Theoretical and empirical comparison of water chemistry and karst denudation in conduit and diffuse aquifers, and implications for global karst denudation models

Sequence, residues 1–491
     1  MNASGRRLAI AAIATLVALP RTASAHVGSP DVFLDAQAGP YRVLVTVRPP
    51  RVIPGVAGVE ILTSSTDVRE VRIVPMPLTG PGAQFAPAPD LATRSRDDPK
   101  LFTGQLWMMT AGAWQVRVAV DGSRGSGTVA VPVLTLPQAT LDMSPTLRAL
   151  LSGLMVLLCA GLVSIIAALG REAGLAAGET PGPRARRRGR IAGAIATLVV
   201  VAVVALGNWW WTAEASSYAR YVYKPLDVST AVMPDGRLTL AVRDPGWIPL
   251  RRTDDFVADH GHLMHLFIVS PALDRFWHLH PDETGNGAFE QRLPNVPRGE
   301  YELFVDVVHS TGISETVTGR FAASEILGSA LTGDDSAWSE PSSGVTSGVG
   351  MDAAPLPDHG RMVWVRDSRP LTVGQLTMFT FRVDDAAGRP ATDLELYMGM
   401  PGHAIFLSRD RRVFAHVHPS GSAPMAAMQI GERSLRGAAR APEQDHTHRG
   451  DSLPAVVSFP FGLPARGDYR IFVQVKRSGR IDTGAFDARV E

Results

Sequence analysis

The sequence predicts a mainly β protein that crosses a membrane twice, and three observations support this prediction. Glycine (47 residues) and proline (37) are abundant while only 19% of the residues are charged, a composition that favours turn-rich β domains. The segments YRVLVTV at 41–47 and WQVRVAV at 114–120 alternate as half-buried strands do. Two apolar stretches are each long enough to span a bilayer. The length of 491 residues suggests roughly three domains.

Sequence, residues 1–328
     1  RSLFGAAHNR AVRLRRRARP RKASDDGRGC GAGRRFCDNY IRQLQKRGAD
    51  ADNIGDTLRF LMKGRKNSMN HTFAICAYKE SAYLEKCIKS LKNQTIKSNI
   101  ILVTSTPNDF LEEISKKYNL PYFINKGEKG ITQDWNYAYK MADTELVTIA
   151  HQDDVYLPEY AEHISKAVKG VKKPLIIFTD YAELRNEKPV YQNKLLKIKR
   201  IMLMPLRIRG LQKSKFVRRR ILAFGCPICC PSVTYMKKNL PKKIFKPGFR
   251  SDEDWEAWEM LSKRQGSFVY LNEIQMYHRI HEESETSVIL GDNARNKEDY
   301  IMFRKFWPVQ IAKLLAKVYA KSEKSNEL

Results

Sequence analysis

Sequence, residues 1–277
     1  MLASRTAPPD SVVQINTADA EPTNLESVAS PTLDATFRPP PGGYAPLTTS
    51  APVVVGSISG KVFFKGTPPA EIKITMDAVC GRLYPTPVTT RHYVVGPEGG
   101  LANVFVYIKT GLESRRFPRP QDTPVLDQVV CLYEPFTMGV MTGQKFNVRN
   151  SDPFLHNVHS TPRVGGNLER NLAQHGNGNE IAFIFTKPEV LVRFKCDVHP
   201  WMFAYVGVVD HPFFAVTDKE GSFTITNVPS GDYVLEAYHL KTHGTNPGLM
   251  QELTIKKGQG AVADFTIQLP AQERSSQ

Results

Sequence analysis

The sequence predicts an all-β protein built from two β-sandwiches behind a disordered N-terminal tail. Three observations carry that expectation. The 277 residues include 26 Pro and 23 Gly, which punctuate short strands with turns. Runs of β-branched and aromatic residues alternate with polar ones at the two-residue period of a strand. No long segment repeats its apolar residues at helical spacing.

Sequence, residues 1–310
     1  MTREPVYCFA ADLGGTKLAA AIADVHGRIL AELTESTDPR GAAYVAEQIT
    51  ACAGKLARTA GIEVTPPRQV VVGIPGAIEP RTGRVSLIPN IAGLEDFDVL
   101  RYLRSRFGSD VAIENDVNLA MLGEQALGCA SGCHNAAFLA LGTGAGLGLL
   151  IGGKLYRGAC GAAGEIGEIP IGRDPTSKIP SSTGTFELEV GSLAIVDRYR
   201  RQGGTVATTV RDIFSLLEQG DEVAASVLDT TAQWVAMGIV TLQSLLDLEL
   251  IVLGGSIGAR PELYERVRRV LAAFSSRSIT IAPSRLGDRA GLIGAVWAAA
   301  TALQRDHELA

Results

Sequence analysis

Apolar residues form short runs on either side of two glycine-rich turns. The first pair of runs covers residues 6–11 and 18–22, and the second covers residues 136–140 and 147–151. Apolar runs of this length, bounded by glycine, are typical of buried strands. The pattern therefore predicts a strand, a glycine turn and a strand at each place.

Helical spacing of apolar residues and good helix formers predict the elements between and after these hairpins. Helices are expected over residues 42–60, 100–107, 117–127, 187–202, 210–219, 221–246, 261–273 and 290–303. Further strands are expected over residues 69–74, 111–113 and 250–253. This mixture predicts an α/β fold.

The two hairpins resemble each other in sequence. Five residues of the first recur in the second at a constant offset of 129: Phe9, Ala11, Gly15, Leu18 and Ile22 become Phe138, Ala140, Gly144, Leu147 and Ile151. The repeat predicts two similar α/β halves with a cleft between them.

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Twelve months of data, from June, 1999 to May, 2000, show that under similar climatic conditions, mean water hardness (118 ppm) in the Lost Cove, Tennessee, conduit aquifer system was significantly lower than hardness (220 ppm) in the Pocket Branch, Georgia, diffuse aquifer system. Estimated long-term annual mean denudation is 39 mm/ka at Pocket Branch and 30 mm/ka at Lost Cove. This significant difference suggests that aquifer type needs to be given more attention in assessing global variations in water chemistry and denudation in karst terrains. This is because the difference in denudation due to aquifer type is as large as differences between cold, temperate and tropical regions due to differences in temperature and soil carbon dioxide. There are both relict and recent tufa deposits along Pocket Branch. Present deposition is influenced by algae with calcite tubes forming around each algal cell. Tufa is deposited at most times of the year except during high streamflow conditions when some erosion occurs. This suggests that in other parts of the world tufa deposition may also be determined by streamflow conditions not by climate alone. About 65% of tufa deposition occurred during the winter and spring wet season, with 35% being deposited in the summer and fall dry season. Relict tufas in Pocket Branch are of early-Holocene age. The large size of the relict tufa at Pocket Falls suggests that in the early to middle Holocene rainfall and ground water was more substantial than today. It is possible that increased summer (monsoonal) rainfall in this region caused massive tufa deposition at Pocket Falls in the past. Climate warming at the end of the Little Ice Age (ca. AD 1850) may explain whey there is tufa deposition at Pocket Branch today.